Briefly, the salient points of the three protocols are summarized below:

Internet Protocol
A best-effort, connectionless datagram delivery service, implementing the 32-bit addressing scheme used by the Internet.
User Datagram Protocol
A best-effort, connectionless datagram delivery service that acts primarily as an interface to IP.
Transmission Control Protocol
A reliable, connection-oriented, stream transport service.

3.1.3 Protocol Layering and Encapsulation

TCP/IP is based on four conceptual layers of implementation. Each layer is composed of a system or systems with a defined task and standardized communication interface to the surrounding layers. Figure 3.2 shows the four layers: application, transport, internet and network interface.

Figure 3.2: The TCP/IP conceptual layers

The layers are defined as follows:

Usually implemented in the user-space, a program that utilizes the underlying network architecture in some way. This can be a user application or an existing one such as telnet or FTP. A common interface to the TCP/IP protocols is Berkeley Sockets, found in networking kernels derived from source code developed at Lawrence Berkeley Laboratories.
Both UDP and TCP reside in the transport layer, responsible for bridging the gap between the application and the Internet Protocol. Transport protocols communicate with streams or messages to the application layer and with packets to the Internet layer.
IP defines the Internet layer. It handles the addressing and proper encapsulation and fragmentation of packets from the transport layer protocols. IP generates datagrams appropriate for the Network Interface.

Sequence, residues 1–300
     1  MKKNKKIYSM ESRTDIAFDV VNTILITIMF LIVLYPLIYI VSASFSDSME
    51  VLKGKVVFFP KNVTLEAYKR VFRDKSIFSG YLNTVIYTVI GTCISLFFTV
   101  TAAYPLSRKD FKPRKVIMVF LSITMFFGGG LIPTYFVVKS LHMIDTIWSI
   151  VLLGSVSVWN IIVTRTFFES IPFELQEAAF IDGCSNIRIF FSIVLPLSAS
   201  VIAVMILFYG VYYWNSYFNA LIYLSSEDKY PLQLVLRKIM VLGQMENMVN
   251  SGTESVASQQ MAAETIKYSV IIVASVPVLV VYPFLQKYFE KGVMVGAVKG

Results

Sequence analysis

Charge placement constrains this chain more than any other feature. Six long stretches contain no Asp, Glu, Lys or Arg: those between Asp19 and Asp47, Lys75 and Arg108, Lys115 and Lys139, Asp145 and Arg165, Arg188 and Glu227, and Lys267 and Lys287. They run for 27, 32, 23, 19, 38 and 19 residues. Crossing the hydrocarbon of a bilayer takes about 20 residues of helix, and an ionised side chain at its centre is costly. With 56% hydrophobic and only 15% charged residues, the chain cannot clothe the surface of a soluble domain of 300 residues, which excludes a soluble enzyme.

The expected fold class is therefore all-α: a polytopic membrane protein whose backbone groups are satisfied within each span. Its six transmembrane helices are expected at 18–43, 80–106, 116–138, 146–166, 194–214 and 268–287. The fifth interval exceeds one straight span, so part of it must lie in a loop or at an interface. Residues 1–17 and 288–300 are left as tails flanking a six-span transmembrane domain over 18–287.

Network Interface
Drivers for physical networking devices can be found in this layer. They are responsible for proper communication of the incoming IP datagrams to the underlying physical network.

The four conceptual layers of TCP/IP are actually derived from a standard developed by the International Organization for Standardization (ISO) referred to as the Reference Model of Open System Interconnection. ISO's model has 7 layers that bear only historical importance to protocols in use today, as the protocols based on these specifications were never as widely accepted as TCP/IP. The ISO 7-layer model is reproduced in figure 3.3.

Figure 3.3: The ISO 7-layer reference model

Layering is the heart of the Internet. Thanks to properly documented and publicly available standards of interconnection, layering makes the Internet ``work'' by allowing communication between, but hiding the details of all kinds of different manufacturers' systems.

3.1.4 The Client/Server Model

The client/server model for communication is one that, again, mimics a great number of existing human systems. Typically, a server is a provider of a service that a client wishes to utilize in some manner. A few examples of this interaction are tabulated in table 3.1


Client Server
hungry person restaurant
web-browser web-server
student college
word processing program print spooler
cable-TV box cable-TV provider
couch potato cable-TV provider
finger finger daemon: fingerd
Table 3.1: Examples of the client/server model.


The connection between client and server is abstracted to one as simple as that in figure 3.4.

Figure 3.4: Simple client to server connection.

Many servers are capable of dealing with more than a single client at the same time, either by multiplexing or through creating multiple execution instances (for example by using fork() in C programs or a similar command.) Figure 3.5 shows multiple clients connecting to a single server.

Figure 3.5: Many clients to single server.

Figure 3.6 reveals the details of the connection that have been hidden from us through appropriate layering.

Figure 3.6: Actual client to server connection.

The client/server model is an important conceptual tool at many levels of internetworking technology, and is relied on greatly by the networking community.

next up previous contents
Next: 3.2 The Development of Up: 3 Literature Review Previous: 3 Literature Review

Mike Andrews
Wed Mar 19 16:07:58 EST 1997